Sunday, June 16, 2013

Birds and the beeswax

I was at the local craft store looking for some glycerin soap for a soap project. Right next to it was the candle making section. I love candles, sort of. And I noticed that they had wax there. This is a good things since that is what candles are made of. Well, there were two waxes there. One is the old oil based paraffin, the other is beeswax. Both blocks of wax cost $16. But the Beeswax was 1 lb, and the paraffin was 2 lbs. Hmm, said I. How hard can it be to get the beeswax from the hive and turn it into a product?

Turns out that it is simple...

stage 1 - pulling the wax out of the beehive trimmings.

1. put big pot of water on to the heat. Place all the comb into the water. Wait for it to melt.
2. place several layers of cheesecloth across a strainer and pour the pot with the hot water and wax through it.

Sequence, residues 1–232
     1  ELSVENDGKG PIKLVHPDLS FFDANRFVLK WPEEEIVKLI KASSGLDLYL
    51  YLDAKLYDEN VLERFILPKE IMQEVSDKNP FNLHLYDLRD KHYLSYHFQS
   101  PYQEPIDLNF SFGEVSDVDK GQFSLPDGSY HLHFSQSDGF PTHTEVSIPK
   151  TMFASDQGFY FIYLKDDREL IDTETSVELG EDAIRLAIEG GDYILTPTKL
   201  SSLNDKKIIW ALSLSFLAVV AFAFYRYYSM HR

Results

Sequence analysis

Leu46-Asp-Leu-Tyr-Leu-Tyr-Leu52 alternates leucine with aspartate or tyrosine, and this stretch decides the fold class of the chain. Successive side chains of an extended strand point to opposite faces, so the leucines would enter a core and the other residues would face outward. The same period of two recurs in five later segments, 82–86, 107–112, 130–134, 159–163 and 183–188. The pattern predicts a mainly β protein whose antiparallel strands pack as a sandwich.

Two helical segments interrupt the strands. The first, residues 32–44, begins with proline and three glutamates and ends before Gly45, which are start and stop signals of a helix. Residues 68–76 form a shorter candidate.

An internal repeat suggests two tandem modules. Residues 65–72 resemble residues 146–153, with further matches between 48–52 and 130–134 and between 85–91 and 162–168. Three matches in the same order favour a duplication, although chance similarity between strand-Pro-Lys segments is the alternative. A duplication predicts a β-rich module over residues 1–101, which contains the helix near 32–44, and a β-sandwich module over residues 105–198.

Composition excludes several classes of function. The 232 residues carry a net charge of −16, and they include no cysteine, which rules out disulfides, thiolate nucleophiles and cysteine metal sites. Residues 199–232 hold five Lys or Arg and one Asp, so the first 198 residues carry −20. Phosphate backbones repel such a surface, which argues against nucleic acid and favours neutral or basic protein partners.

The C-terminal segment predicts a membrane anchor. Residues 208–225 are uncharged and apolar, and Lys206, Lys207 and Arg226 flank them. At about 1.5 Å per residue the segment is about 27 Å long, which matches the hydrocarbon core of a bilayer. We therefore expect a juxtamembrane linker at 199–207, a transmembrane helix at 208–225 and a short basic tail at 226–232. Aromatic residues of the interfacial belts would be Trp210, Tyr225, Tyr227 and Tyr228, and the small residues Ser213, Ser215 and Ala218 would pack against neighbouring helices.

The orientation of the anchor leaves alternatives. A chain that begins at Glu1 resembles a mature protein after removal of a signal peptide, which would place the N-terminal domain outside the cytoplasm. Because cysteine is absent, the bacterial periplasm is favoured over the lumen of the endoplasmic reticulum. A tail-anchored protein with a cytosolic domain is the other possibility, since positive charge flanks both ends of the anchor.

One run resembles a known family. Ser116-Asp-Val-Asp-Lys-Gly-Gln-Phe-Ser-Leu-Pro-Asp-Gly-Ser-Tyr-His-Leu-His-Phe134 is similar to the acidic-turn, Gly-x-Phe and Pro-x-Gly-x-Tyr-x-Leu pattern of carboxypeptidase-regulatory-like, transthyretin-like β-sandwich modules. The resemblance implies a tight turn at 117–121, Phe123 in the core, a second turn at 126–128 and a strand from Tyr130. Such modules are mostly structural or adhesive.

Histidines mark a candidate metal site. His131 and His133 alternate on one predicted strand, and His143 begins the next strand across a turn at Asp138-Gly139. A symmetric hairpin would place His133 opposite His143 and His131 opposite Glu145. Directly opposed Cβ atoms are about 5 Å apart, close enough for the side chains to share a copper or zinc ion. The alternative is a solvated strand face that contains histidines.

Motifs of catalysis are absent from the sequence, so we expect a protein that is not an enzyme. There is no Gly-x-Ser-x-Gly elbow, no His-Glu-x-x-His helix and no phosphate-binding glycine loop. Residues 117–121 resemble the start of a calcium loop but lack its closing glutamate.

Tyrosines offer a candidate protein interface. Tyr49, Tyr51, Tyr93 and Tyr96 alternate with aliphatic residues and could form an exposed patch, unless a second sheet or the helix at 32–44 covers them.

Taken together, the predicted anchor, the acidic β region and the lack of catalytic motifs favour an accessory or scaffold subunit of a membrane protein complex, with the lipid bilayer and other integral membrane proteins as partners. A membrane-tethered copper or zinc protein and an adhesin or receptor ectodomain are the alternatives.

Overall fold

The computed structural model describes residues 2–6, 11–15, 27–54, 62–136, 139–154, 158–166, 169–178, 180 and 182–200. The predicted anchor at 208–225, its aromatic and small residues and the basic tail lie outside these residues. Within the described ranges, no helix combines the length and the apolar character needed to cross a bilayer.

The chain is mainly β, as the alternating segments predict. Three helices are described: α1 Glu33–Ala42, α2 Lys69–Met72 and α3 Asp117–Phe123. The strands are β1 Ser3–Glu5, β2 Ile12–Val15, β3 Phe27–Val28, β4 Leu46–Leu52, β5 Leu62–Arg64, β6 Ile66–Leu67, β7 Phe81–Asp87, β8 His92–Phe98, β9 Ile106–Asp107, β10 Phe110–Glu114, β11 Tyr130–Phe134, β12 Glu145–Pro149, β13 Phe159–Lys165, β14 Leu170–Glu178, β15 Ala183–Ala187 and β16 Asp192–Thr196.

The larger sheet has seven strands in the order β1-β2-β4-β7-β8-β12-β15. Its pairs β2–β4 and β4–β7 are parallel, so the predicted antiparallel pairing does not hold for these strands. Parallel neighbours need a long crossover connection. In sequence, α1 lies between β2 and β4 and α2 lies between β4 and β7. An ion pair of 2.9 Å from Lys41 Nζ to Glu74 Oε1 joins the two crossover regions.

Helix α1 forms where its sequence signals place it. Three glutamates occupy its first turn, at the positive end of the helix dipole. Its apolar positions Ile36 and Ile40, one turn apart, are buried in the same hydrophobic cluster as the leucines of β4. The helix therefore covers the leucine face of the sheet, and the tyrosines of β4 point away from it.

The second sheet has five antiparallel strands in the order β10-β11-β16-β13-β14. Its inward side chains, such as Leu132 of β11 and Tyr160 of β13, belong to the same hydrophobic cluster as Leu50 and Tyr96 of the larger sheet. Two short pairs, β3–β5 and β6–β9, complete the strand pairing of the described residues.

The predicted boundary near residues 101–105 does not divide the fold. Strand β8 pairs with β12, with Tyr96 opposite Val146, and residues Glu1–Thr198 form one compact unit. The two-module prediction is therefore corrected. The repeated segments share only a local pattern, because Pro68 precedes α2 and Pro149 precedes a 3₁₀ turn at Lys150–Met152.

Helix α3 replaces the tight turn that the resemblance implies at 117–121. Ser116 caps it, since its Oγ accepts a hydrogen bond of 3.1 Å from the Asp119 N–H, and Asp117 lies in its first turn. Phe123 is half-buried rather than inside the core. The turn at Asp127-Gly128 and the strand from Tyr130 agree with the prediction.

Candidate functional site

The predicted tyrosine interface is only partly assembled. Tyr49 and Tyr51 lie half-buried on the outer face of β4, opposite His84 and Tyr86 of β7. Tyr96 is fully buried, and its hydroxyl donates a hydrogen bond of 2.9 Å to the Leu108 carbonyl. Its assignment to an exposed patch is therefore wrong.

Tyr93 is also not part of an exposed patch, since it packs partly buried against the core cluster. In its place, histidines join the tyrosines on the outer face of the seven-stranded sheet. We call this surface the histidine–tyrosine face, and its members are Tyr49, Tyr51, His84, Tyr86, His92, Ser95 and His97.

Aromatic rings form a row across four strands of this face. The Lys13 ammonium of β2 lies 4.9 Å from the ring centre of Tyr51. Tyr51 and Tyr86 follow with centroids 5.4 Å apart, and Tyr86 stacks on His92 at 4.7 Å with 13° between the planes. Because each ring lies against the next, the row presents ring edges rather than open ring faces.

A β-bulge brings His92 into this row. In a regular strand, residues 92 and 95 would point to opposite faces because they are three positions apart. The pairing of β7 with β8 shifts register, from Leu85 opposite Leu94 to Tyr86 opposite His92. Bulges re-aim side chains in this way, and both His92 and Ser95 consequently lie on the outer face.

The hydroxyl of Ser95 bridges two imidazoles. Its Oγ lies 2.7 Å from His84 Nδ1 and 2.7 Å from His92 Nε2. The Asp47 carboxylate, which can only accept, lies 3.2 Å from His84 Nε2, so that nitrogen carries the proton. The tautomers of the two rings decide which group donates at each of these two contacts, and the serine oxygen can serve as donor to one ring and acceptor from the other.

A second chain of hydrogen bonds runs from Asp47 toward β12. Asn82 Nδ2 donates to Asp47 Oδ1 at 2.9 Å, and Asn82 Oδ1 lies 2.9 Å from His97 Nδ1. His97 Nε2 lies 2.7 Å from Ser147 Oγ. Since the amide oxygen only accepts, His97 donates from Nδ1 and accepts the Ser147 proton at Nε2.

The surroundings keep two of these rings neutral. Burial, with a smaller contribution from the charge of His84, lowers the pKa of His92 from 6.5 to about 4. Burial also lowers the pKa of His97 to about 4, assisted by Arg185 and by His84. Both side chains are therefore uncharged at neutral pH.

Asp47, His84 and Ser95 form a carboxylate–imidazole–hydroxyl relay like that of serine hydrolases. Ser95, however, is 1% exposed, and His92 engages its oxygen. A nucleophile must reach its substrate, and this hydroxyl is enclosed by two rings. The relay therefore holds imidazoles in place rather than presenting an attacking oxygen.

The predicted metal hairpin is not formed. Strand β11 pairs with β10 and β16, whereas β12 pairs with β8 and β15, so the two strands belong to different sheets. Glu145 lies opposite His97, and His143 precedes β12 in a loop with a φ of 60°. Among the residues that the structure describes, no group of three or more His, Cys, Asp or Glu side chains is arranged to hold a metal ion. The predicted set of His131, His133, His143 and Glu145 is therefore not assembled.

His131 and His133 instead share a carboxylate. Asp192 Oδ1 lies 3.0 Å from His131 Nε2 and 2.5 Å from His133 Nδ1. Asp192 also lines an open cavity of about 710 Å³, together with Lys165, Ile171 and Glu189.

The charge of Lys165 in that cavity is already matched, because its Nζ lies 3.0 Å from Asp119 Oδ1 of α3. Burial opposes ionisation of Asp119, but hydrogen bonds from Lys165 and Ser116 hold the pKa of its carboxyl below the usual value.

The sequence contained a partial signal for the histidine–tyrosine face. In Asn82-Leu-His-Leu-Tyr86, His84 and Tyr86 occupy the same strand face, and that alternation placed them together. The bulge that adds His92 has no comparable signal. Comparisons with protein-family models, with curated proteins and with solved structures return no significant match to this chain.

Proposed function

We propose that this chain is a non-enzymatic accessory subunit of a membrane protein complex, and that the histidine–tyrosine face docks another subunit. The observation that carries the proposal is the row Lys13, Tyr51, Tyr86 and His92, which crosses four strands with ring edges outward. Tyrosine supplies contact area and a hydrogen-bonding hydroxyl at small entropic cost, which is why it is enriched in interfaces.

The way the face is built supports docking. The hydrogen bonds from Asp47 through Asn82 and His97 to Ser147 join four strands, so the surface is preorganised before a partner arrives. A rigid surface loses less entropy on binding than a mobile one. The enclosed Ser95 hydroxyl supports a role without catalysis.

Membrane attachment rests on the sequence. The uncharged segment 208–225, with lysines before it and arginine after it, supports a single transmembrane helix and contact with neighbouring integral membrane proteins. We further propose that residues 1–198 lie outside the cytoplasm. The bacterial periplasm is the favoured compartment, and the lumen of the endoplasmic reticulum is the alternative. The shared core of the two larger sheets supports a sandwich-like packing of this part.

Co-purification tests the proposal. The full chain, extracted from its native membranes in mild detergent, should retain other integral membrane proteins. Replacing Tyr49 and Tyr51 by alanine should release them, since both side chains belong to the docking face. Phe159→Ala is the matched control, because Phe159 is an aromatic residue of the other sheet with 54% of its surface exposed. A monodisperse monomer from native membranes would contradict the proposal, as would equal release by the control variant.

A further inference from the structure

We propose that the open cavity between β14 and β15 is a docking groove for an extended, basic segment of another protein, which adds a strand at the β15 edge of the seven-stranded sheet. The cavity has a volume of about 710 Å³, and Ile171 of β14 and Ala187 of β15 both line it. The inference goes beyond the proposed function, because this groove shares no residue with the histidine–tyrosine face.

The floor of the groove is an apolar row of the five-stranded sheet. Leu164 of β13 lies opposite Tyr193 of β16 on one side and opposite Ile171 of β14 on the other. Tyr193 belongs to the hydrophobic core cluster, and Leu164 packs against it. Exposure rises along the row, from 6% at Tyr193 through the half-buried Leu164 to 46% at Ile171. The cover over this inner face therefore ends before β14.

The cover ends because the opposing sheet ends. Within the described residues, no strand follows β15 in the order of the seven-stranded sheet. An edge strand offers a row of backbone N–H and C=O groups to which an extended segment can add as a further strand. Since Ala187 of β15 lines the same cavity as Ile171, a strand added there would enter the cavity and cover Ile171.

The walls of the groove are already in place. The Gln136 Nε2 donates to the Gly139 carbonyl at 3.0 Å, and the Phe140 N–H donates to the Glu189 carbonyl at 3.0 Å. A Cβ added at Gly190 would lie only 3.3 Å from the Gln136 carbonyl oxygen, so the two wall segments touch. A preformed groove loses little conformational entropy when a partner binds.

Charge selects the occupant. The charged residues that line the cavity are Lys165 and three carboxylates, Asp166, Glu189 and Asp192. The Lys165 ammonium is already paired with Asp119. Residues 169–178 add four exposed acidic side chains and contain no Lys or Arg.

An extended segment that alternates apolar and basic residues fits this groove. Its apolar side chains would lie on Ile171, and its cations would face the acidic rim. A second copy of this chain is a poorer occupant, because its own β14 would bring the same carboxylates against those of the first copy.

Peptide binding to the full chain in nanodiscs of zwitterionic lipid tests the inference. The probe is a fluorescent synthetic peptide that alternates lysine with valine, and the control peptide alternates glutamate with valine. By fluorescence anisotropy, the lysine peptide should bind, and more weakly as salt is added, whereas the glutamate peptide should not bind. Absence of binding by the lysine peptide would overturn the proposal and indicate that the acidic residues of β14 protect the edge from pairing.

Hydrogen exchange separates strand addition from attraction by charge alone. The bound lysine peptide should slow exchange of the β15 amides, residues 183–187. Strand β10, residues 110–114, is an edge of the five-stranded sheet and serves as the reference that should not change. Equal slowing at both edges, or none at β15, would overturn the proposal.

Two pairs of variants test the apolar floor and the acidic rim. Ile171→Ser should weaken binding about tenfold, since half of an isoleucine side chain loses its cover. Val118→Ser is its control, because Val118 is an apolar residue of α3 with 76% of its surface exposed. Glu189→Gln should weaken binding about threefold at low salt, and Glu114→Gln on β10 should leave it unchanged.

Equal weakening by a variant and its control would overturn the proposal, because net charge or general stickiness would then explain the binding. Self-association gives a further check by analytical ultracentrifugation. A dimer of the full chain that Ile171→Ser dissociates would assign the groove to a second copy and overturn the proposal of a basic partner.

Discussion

3. let the new pot cool to room temp.
4. pull off the plug of wax on the top of the pot.
5. Clean off the underside of the wax plug.

Stage 2;  - further refining
1. Use a double boiler to melt the wax.
2. Strain the wax with a very tight weave filter material to remove all the solids. gossimer. is said to work well
3. and place wax into a mold

Yep, that is it.

So you need to melt the wax a couple times, but that isn't so bad.
The question I would have is how would you do this economically with 30,000 pounds of wax a year?

here are a couple of people that have actually done this...



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